Sick of the Same Old Social Media Case Studies? Too Bad.

Are you tired of the same old social media case studies? The United Breaks Guitars, the Dell Hells, the @ComcastCares?

It’s a common complaint I hear from other social media marketers. We’re sick of people talking about these case studies all the time. We can recite them by heart, we’ve heard them so many times.

Siouxland Chamber of Commerce Social Media Luncheon 2011

Siouxland Chamber of Commerce Social Media Luncheon, November 2011

The social media mavens raise their voices to the rafters: “We’ve heard them over and over! Show me something new!”

Too bad. Do you know who hasn’t heard them?

Everyone else.

I remember when Jason Falls and I were writing No Bullshit Social Media, the question came up about whether we should include Dell Hell, United Breaks Guitars, and @ComcastCares.

“They’re old. Everyone has heard them,” was the objection.

“Our target readers haven’t heard them,” was the counter-argument. So we decided to leave them in.

A few months later, when I was speaking to a group in Sioux City, Iowa, I asked the 150 people in the room, “How many of you have heard of the United Breaks Guitars incident?” Out of the 150, fewer than 10 people raised their hands.

Chris Brogan and Josh Brolin

This is not the same dude.

We as social media marketers need to remember, not everyone uses social media. Not everyone follows it like we do. Not everyone has heard about the latest case study. Most people still confuse Chris Brogan and Josh Brolin.

While we may be tired of the same old case studies, sick to the teeth of list posts, and still roll our eyes (me included) at every “social media marketing secrets” post that tells us to use Twitter and completely fill out our LinkedIn profile, there’s a very important group of people who have never heard of this before.

Our potential clients.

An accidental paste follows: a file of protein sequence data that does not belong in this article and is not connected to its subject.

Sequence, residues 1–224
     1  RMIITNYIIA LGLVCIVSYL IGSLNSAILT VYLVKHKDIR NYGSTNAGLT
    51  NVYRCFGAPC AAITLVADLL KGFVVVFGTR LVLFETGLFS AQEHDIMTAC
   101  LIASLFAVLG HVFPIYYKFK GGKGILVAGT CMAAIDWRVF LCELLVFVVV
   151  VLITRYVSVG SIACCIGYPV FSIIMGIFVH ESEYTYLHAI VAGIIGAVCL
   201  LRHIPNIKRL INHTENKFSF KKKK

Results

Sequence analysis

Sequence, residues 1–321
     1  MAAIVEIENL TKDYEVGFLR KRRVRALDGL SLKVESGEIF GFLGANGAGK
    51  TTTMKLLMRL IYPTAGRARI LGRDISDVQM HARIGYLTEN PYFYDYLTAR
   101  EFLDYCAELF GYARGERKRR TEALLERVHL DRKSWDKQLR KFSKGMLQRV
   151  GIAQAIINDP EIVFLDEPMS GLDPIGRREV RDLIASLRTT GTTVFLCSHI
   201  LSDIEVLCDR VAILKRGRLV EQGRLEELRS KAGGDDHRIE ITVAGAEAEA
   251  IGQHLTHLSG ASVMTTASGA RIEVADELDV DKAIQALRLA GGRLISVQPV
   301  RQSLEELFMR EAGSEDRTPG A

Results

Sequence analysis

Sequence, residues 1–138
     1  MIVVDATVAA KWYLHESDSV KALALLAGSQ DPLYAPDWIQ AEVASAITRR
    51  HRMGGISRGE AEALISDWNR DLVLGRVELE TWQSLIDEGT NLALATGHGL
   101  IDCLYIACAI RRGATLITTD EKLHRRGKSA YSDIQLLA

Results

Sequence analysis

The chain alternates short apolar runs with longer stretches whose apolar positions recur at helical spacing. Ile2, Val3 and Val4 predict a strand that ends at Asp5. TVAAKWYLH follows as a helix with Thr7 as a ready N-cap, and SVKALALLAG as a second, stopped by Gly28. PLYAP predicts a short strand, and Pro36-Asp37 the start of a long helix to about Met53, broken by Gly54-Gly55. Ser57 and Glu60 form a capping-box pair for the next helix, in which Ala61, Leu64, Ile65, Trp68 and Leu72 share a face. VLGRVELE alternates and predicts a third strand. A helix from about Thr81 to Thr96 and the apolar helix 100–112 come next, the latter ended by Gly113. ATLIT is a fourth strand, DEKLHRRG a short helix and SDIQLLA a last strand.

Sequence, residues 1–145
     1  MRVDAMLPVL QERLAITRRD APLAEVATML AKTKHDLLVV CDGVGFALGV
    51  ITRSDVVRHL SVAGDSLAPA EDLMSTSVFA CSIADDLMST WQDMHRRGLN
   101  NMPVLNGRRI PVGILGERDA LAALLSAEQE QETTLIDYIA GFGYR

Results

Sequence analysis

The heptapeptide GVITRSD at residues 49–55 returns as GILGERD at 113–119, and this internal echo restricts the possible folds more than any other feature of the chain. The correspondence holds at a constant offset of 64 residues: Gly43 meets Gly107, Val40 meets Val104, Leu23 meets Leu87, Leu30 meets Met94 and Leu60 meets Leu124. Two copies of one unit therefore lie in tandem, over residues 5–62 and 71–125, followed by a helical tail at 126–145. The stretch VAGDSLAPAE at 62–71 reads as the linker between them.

Remember, while there may be over 383 million people around the world on Twitter, only 27% of them actively use Twitter. In the US, there are 107 million Twitter accounts — accounts, not active users — which is a little more than 1/3 of the country. Hypothetically, if only 27% are using Twitter actively, we’re looking at only 28.9 million people in the US using Twitter, or approximately 9.2% of the country.

In other words, nearly 90% of the country is not using Twitter. Not everyone uses YouTube. Only 40% of the US adult population has a smartphone. And only a small percentage of people are blogging. (Note: Twitter is NOT blogging.)

So while you may be sick to death of the same old case studies, the same old list posts, and the same old “social media secrets for beginners” articles, we’re still fighting an uphill battle. There are still plenty of people who still only think social media is for kids and is all about playing Farmville and Angry Birds. There are still people who don’t get “the Tweeter” and would never “want to hear about someone’s bathroom habits on FaceSpace.” There are still people who don’t understand that social media can be good for business, and that left unchecked, it can hammer your business like the fist of an angry god.

As long as there are clients who are still trying to understand why social media is important, it’s equally important that you be ready to share the stale, 7-year-old case studies with your clients. Bring out the new ones too, but don’t forget that if people feel like they share common knowledge (i.e. when two non-users get together and start talking about “that ‘United Breaks Guitars’ video”), it helps them feel smarter and more empowered to try it themselves. It may also scare the bejeezus out of them, and get them to start using it.

Arm your clients with the body of common knowledge. Go back to the same old case studies, keep using list posts (they always get the highest web traffic for me), and don’t assume everyone is carrying the latest mobile phone. It may feel remedial, but if you’re a social media professional, you need to fish where the fish are.